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How to comfort a grieving person without hurting them

I experienced loss last year. Several close friends – all of them first time moms – lost their first born babies while my wife lost her dad in 2016. Spending time with my wife, and my friends, revived the experiences I went through when I lost my dad when I was 12 years old.

Through it all, I have come to learn the following lessons on how to comfort a grieving person without worsening things.

Lesson 1: Don’t try to level the ground

Because every person doesn't respond the same way to loss, saying “I understand what you’re going through…” even if you've experienced the same thing in the past isn't a good thing. Neither is sharing advice and describing your past painful experience.

If you must say anything at all, then saying “I can’t imagine what you’re going through” will suffice.

Lesson 2: Offer the gift of silence

If you can embrace, hug or hold hands – do so – without saying anything. Remember, they have heard enough already silence may be the best gift you can ever give in a hurting situation.

Lesson 3: Use your talent to offer practical help

When you operate in your gifting and talent, your help becomes authentic and practical. By taking care of specific things, you enable a grieving person to regain a sense of perspective.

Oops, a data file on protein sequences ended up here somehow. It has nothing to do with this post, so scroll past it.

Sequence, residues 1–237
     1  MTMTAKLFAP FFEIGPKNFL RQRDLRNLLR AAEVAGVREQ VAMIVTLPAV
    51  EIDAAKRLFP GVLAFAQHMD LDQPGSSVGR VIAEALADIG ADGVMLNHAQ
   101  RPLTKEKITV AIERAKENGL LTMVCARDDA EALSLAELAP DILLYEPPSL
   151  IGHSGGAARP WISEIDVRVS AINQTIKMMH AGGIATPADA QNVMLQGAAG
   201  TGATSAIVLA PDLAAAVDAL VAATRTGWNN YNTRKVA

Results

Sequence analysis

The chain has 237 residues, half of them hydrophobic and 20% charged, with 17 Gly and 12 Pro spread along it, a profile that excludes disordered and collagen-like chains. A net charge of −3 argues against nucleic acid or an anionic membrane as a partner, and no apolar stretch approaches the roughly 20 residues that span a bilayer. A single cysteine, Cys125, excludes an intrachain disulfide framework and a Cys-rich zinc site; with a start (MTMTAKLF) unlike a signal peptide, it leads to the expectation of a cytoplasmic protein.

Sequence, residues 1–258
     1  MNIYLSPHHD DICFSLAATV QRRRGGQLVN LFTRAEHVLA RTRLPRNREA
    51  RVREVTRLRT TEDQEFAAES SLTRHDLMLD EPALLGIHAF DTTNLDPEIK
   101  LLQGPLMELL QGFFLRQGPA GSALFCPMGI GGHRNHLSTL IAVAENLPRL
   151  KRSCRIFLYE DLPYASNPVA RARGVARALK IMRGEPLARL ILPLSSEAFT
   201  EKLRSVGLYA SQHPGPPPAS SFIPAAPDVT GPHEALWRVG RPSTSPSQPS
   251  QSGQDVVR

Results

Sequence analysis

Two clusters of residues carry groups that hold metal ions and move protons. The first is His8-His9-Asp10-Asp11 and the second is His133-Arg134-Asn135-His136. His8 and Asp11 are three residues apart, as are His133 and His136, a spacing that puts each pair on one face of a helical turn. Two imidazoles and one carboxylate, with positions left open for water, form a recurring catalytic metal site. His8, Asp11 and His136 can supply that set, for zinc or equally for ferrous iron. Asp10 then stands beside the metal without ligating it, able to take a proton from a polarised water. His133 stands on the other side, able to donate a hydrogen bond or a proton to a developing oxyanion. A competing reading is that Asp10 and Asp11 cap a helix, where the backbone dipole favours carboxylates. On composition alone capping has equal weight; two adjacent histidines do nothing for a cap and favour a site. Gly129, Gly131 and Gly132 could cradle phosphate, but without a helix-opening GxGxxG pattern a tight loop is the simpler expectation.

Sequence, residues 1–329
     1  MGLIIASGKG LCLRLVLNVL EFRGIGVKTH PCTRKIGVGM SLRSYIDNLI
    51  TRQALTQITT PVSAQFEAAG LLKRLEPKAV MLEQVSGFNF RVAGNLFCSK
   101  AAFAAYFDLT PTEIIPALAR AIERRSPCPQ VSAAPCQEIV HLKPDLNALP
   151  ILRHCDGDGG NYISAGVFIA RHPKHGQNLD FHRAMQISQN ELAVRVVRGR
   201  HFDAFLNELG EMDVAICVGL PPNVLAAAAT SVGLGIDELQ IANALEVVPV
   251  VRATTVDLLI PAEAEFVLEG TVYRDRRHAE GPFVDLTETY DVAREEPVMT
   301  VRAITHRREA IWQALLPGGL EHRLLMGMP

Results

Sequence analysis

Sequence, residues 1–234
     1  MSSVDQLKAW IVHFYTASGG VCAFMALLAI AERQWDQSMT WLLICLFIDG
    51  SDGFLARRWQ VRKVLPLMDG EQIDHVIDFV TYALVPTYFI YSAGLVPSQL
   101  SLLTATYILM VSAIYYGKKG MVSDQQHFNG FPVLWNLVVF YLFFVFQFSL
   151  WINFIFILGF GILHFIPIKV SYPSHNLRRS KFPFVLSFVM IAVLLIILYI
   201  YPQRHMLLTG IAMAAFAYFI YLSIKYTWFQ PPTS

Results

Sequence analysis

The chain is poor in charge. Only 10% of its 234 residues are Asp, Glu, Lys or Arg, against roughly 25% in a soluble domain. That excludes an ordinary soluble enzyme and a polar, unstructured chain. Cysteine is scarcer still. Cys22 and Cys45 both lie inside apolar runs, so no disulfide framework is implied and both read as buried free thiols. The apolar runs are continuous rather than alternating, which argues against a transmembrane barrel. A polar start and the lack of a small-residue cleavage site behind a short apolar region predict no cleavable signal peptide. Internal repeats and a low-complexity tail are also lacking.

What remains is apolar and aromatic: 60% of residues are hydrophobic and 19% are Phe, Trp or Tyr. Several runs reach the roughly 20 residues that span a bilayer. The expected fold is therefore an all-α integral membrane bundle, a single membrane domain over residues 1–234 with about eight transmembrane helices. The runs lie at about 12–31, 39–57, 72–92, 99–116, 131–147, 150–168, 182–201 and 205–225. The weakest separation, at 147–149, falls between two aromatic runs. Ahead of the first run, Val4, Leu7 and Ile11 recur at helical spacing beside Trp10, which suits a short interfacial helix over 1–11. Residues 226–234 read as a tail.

If you enjoy baking, bake the best cake and drop it off. If it is a mother who has lost an infant, offer to drop and pick her from the numerous doctors’ appointments she may have to make during her physical healing process.

You can also offer to do laundry, clean the house, wash dirty utensils or pay utility bills such as water, electricity or rent.

Lesson 4: Seek the guidance of the Holy Spirit

As Christians, we should not apply Scripture casually. Doing so may end up worsening things. We should therefore, seek the Holy Spirit’s guidance for comforting verses to share. This will empower us to be able to effectively meet the needs of a grieving person.

In Conclusion

May the Holy Spirit empower you to know the right thing to do and say to a grieving person during their time of loss, pain and grief.

Feel free to read the whole article here and let me know what else can be added to the list. If you are experiencing grief right now, feel free to contact me for prayers and let me know how I may be of further help. May this article be a comforting blessing the way it has been to me!

Recommended reading on grief

  • Rediscovering Your Happily Ever After – PeggySue Wells

  • Counselling for Grief and Bereavement – Geraldine M. Humphrey and David G. Zimpfer

  • I Wasn’t Ready to Say Goodbye – Brook Noel and Pamela D. Blair

  • Through a Season of Grief – Bill Dunn and Kathy Leonard

  • Grieving Mindfully – Sameet M. Kumar

The friend who can be silent with us in a moment of despair or confusion, who stay with us in an hour of grief and bereavement, who can tolerate not knowing, not curing, not healing and face with us the reality of our powerlessness, that is a friend who cares,”

Henri J.M. Nouwen

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